Dog Training and Dog Care advice from UK Professionals

Why Do Dogs Chase Their Tail?


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Why Does My Dog Chase its Tail? Generally a dog chases its tail simply because it is happy, excited and energetic and such behaviour is a normal component of play.

This is similar to the human behaviour of tapping fingers, or whistling. It is a release of energy, and does not always mean something is wrong, but it can do if a dog does it excessively or over-anxiously.

Some dog breeds do this far more than others, but all dogs can display this behaviour at times, though it should not be a common occurrence in most dogs.

Problems occur if the behaviour becomes obsessive with the dog chasing its tail round and round despite being distracted by the owner. This is sometimes defined as stereotypic behaviour, a term used to describe a ritualistic repetitive sequence of movements which serve no purpose. In some cases the dog will continue whirling round even if it injures itself. I don’t fully agree that it is without a purpose, as I don’t believe a dog does anything for absolutely no purpose whatsoever unless it has a medical or neurological condition of some kind. At the very least, its a release of energy or sometimes stress, and it can be purely down to playfulness of character or possibly something more sinister.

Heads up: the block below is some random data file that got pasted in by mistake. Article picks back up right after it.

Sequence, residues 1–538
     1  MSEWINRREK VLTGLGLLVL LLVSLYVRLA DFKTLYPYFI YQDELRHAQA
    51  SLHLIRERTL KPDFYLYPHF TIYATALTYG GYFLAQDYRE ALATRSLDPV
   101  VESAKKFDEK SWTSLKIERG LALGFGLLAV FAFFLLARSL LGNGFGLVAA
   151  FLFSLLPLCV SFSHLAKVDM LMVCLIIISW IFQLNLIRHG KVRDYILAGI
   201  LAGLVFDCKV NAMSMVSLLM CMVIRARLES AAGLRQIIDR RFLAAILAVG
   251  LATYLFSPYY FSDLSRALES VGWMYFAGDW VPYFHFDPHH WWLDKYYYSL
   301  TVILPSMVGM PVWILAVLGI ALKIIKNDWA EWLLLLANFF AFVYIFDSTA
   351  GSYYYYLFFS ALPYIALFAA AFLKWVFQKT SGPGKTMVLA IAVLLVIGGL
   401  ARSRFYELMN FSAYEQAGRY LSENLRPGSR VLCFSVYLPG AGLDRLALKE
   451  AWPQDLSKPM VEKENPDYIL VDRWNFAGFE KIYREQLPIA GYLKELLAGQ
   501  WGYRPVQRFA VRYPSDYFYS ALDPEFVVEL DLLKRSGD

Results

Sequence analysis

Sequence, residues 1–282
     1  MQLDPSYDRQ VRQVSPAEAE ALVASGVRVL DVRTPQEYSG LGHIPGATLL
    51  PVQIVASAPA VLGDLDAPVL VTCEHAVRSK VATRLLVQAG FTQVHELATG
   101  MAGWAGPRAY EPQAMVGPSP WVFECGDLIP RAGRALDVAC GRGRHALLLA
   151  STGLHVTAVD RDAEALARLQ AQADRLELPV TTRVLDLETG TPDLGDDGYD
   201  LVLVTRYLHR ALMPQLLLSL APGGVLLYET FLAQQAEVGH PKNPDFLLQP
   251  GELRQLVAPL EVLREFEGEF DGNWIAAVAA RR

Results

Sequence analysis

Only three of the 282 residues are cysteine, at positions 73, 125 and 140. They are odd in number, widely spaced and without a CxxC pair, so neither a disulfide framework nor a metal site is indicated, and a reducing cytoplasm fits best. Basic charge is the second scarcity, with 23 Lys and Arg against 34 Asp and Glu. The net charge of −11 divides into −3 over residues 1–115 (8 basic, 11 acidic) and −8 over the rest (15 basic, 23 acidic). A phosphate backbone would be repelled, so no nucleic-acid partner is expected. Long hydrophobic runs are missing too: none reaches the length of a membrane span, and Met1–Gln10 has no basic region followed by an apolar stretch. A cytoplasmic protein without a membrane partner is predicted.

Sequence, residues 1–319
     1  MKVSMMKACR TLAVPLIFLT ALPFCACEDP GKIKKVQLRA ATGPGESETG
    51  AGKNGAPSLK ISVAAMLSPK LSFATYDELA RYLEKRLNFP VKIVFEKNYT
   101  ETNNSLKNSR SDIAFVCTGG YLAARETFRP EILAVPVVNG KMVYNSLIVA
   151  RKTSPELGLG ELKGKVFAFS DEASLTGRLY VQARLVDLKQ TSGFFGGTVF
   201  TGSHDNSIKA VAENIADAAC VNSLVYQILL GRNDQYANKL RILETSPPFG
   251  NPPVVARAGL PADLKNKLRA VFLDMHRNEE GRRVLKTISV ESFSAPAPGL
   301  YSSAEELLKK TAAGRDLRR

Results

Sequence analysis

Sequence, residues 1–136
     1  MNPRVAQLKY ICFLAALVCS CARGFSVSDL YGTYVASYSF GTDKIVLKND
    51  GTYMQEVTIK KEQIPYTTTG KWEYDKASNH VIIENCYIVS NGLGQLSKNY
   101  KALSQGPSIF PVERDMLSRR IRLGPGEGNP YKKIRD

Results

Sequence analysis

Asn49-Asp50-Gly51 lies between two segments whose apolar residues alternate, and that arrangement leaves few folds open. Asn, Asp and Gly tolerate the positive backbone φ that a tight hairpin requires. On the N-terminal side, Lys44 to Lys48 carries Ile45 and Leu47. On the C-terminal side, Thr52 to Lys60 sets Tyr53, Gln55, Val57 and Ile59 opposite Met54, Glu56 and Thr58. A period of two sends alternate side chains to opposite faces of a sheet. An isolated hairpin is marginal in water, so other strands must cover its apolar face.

The owner may unwittingly encourage the behaviour as any attention can be interpreted by the dog as a positive reinforcer. The dog chases its tail, the owner tries to stop or distract the animal. The dog finds the attention highly rewarding and chases its tail even more.

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Another reason a dog will chase its tail is through boredom. If the dog is left alone for long periods or does not receive sufficient exercise it may chase its tail to rid itself of excess energy and this is something which can lead to more worrying problems or can even be a signal of one already present in the dog, such as separation anxiety.

In rare cases, tail chasing may be a sign of a neurological condition. Excessive tail chasing has been linked to psychomotor epilepsy.

Tail chasing is more common in certain breeds such as the Staffordshire Bull Terrier. This points to a possible indication that there may be a hereditary pattern or predisposition to this activity. It may also be that certain sized dogs are more prone to it because the tail is in easier reach due to the size or flexibility of the breed, or indeed the simple playful character of certain breeds.

It is not usually something to worry about unless you can’t stop it occurring by channelling the dog’s energy into something else like a toy. If in doubt you should always seek professional veterinary advice.


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